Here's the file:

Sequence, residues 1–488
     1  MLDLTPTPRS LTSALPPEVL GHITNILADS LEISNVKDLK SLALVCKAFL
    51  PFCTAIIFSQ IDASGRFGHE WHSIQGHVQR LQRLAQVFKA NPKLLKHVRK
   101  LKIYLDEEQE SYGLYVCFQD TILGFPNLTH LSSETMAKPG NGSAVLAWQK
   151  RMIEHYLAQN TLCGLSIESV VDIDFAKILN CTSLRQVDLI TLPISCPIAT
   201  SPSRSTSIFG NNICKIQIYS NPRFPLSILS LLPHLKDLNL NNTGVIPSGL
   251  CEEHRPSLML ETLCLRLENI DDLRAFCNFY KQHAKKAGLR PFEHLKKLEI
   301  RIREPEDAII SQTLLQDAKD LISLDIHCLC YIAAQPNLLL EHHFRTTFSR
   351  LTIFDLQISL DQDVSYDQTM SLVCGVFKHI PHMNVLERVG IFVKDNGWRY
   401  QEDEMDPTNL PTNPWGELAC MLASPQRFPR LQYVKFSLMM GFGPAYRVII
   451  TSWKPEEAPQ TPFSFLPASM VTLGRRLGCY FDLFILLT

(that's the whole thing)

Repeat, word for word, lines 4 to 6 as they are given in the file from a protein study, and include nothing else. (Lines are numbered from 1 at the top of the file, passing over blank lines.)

   101  LKIYLDEEQE SYGLYVCFQD TILGFPNLTH LSSETMAKPG NGSAVLAWQK
   151  RMIEHYLAQN TLCGLSIESV VDIDFAKILN CTSLRQVDLI TLPISCPIAT
   201  SPSRSTSIFG NNICKIQIYS NPRFPLSILS LLPHLKDLNL NNTGVIPSGL